Monday, December 17, 2012

Precedential No. 38: Screenshot of YouTube Music Video Not a Proper Trademark Specimen Absent Download Link

Gary J. Rogowski sought to register the trademark ACTIVE REASONER for "audio recordings featuring music" in class 9. His specimen of use consisted of a screen shot of his YouTube webpage (see image below). Examining Attorney Janet H. Lee issued a refusal to register on the ground that the specimen of use failed to show the mark in direct connection with the identified goods. The Board affirmed, drawing a parallel with cases in which a website fails to provide means for ordering a product, ruled that "in the absence of a 'download' link or the equivalent thereof, applicant’s specimen on its face fails to show use of his mark in commerce for the identified goods." In re Rogowski, 104 USPQ2d 2012 (TTAB 2012) [precedential].

(click on photo for larger picture)

Section 1(d)(1) of the Trademark Act, 15 U.S.C. § 1051(d)(1), requires that the applicant file a “specimen” or facsimile “of the mark as used in commerce.” Under Section 45, 15 U.S.C. § 1127, use in commerce requires that the mark be "placed in any manner on the goods or their containers or the displays associated therewith... and the goods are sold or transported in commerce ...." 15 U.S.C. § 1127.

The examining attorney maintained that the mark as used on the specimen appears to identify a "non-downloadable musical video performance that has been uploaded onto, or is streamed on the YouTube website, in International Classes 038 and 041, respectively." She further contended that the specimen is unacceptable because it "fails to indicate that the audio recording may be downloadable."

Applicant Rogowski, appearing pro se, asserted that his music video is downloadable because there are "many computer programs available for free, on the internet, which enable the user to download music and video."

The Board noted that class 9 encompasses both audio recordings in both downloadable and tangible form, and Rogowski's identification of goods is sufficient broad to cover musical sound recordings in both formats. It observed that the specimen of use includes the ACTIVE REASONER mark in the top left corner of the screenshot, with a "Subscribe" button close by. The mark appears again on the right side, above a hyper-linked list of Rogowski's songs available on YouTube.

The Board recognized Rogowski's YouTube video as an "audio recording featuring music," but it concluded that the specimen "does not show the required correspondence between the mark and the identified goods being offered for sale or transported in commerce."

We acknowledge the advent and certainly the trend of music being offered in downloadable formats or the equivalent thereof in lieu of the traditional trade channels for tangible sound recordings, e.g., CDs being sold via retail or online stores. But we nonetheless find dispositive that applicant’s specimen does not include a “download” or similar link to put the consumer on notice that the identified goods (“audio recordings featuring music”) are indeed available for download or the equivalent thereof.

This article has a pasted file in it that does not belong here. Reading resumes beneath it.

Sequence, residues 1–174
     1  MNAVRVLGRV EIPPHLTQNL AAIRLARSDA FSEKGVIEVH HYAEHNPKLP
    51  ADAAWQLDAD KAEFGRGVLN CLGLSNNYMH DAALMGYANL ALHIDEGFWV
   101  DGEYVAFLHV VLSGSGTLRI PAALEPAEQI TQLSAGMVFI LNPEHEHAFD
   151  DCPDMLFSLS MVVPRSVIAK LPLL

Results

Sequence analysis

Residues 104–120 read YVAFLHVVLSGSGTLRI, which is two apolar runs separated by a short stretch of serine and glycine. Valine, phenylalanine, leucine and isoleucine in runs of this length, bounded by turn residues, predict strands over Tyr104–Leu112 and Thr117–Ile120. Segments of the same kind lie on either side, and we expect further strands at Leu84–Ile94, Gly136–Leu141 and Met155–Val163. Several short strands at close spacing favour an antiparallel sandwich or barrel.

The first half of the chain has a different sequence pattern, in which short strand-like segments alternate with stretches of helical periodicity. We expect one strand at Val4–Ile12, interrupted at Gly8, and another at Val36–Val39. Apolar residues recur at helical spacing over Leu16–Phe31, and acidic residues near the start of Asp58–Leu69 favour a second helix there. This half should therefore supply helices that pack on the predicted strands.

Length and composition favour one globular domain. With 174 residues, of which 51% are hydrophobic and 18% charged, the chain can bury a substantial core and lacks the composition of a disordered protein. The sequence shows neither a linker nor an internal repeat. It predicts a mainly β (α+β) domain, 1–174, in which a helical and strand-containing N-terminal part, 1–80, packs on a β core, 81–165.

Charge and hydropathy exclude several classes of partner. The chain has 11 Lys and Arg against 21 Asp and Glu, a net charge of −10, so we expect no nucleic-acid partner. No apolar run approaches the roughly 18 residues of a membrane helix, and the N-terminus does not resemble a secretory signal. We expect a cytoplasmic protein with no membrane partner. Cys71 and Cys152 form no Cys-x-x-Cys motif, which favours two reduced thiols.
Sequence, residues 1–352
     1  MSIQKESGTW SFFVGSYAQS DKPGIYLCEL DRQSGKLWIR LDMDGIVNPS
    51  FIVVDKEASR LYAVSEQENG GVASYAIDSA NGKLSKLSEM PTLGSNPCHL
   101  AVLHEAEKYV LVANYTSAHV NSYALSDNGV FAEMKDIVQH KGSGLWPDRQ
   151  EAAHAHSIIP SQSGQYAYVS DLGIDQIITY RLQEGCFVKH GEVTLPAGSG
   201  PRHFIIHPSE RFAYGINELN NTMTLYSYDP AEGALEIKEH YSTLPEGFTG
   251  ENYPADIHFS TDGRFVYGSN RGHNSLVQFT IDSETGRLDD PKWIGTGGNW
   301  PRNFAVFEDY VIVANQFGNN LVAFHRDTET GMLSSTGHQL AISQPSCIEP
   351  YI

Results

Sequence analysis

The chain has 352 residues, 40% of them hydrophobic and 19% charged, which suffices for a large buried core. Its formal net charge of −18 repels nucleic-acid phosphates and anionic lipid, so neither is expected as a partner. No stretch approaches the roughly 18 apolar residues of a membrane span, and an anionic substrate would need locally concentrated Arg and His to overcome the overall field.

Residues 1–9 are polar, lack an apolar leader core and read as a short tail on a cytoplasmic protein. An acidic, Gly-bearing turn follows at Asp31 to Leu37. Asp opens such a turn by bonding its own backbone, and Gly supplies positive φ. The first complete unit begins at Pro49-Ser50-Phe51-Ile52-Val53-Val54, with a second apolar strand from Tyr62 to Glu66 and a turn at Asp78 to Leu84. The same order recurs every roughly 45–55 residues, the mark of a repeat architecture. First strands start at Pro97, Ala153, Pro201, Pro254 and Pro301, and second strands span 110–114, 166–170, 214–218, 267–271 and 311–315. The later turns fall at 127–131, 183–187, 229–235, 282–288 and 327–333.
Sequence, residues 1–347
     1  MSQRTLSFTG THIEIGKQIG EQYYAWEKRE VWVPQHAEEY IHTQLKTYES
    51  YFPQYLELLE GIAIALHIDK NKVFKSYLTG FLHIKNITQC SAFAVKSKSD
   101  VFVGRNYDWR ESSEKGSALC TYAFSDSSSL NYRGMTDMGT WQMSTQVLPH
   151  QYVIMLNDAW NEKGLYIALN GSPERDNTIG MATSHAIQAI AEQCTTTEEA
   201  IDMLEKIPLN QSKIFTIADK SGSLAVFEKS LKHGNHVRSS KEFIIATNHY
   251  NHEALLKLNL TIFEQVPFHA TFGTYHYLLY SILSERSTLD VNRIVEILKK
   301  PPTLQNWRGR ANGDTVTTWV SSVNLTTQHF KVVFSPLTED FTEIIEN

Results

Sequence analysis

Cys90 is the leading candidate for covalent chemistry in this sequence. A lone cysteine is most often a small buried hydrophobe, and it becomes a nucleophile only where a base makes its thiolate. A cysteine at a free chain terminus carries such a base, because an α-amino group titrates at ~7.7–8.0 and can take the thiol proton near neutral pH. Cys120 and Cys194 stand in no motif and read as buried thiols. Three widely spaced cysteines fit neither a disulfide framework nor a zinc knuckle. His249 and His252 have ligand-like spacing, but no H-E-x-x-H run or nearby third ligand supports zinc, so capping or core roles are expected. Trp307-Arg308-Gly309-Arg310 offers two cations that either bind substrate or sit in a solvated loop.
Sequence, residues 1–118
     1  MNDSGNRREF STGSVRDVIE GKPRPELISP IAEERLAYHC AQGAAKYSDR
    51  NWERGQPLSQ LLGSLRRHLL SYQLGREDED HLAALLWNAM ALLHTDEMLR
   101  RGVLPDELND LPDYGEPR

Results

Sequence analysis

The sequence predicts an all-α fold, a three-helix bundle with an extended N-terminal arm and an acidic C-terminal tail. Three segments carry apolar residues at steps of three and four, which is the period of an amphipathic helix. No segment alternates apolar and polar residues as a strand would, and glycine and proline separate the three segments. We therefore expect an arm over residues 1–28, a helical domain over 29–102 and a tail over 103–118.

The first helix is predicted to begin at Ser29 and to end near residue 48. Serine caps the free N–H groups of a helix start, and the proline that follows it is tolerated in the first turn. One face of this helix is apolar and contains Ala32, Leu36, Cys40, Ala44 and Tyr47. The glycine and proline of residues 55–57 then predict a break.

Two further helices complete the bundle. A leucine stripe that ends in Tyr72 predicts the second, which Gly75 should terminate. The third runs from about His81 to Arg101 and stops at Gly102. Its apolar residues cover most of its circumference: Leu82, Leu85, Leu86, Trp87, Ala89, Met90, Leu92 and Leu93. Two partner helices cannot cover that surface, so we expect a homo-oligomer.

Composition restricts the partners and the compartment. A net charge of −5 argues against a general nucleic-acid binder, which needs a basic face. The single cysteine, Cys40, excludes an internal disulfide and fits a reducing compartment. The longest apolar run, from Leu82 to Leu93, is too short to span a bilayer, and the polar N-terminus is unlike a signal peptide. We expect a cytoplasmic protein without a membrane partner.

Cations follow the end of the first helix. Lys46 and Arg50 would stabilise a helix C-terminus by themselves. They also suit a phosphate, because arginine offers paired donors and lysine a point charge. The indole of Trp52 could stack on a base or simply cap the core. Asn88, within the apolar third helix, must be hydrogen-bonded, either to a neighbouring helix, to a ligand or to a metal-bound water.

The Board likened this case to on-line retailing cases in which a webpage specimen fails to provide a means for ordering the goods or services. Cf. In re Dell Inc., 71 USPQ2d 1725, 1727 (TTAB 2004) (website specimen for downloadable computer software acceptable when it includes means to download, purchase or order the software).

The Board noted Rogowski's assertion regarding third-party software, but nonetheless, "in the absence of a 'download' link or the equivalent thereof, applicant's specimen on its face fails to show use of his mark in commerce for the identified goods."

TTABlog comment: Is the Board slicing the baloney a little too thin here? So thin you can see right through it? [LOL. I haven't used that line in about 17 years].

What if Rogowski included a statement with his YouTube uploads saying that he consents to the downloading and copying of his YouTube videos?

Post your comment here.

Text Copyright John L. Welch 2012.


At 8:25 AM, Anonymous Anonymous said...

So, let's say a blogger ran a header stating that he consented to a user printing off any Fairey-like images from his site, the blog page would be an acceptable specimen for art prints, right? I like where you're going! If the blogger further consented to a user printing the image and EATING it, I guess that would be a good specimen for balogna . . .

At 8:50 AM, Blogger Frank said...

This case highlights the ridiculous distinction between downloadable and non-downloadable in 2012. EVERYTHING is downloadable today.

At 9:02 AM, Blogger John L. Welch said...

Anonymous, you are definitely cutting the baloney too thin!

At 1:10 PM, Anonymous Thilo said...

That slice of baloney is about 1 micron thick, I think...

At 1:18 PM, Anonymous Bill said...

Besides the TTAB not being "in tune" with today's technology, the better question is: isn't this a video recording, not an audio recording?

At 5:44 PM, Blogger ChristianZ said...

I have seen other entities print out web pages and send that in as proof and still have it successfully go through.


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